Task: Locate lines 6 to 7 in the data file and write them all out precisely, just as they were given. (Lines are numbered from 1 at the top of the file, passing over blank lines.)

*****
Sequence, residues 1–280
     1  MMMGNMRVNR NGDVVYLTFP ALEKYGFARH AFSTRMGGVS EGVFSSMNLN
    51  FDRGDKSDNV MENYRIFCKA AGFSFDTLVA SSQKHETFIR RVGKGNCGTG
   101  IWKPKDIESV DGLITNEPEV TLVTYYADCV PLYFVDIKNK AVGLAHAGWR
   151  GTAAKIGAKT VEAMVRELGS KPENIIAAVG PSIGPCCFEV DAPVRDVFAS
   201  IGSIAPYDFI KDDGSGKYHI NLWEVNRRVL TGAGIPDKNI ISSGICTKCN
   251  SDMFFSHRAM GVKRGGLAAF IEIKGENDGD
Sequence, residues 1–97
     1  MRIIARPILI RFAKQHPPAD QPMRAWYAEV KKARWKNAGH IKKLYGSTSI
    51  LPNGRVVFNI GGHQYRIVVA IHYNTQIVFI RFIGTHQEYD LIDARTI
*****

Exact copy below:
   201  IGSIAPYDFI KDDGSGKYHI NLWEVNRRVL TGAGIPDKNI ISSGICTKCN
   251  SDMFFSHRAM GVKRGGLAAF IEIKGENDGD